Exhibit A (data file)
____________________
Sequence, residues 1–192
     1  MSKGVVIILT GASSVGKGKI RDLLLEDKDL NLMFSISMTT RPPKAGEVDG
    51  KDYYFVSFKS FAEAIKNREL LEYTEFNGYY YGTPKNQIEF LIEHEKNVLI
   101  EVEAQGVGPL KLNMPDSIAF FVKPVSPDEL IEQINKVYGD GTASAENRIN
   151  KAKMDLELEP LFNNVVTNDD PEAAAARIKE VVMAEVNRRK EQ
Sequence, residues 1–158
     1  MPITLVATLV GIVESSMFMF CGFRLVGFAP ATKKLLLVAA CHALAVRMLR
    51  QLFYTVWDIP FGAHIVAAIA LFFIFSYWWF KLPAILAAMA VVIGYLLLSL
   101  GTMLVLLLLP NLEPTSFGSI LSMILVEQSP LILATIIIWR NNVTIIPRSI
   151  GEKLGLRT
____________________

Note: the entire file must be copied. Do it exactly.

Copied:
Sequence, residues 1–192
     1  MSKGVVIILT GASSVGKGKI RDLLLEDKDL NLMFSISMTT RPPKAGEVDG
    51  KDYYFVSFKS FAEAIKNREL LEYTEFNGYY YGTPKNQIEF LIEHEKNVLI
   101  EVEAQGVGPL KLNMPDSIAF FVKPVSPDEL IEQINKVYGD GTASAENRIN
   151  KAKMDLELEP LFNNVVTNDD PEAAAARIKE VVMAEVNRRK EQ
Sequence, residues 1–158
     1  MPITLVATLV GIVESSMFMF CGFRLVGFAP ATKKLLLVAA CHALAVRMLR
    51  QLFYTVWDIP FGAHIVAAIA LFFIFSYWWF KLPAILAAMA VVIGYLLLSL
   101  GTMLVLLLLP NLEPTSFGSI LSMILVEQSP LILATIIIWR NNVTIIPRSI
   151  GEKLGLRT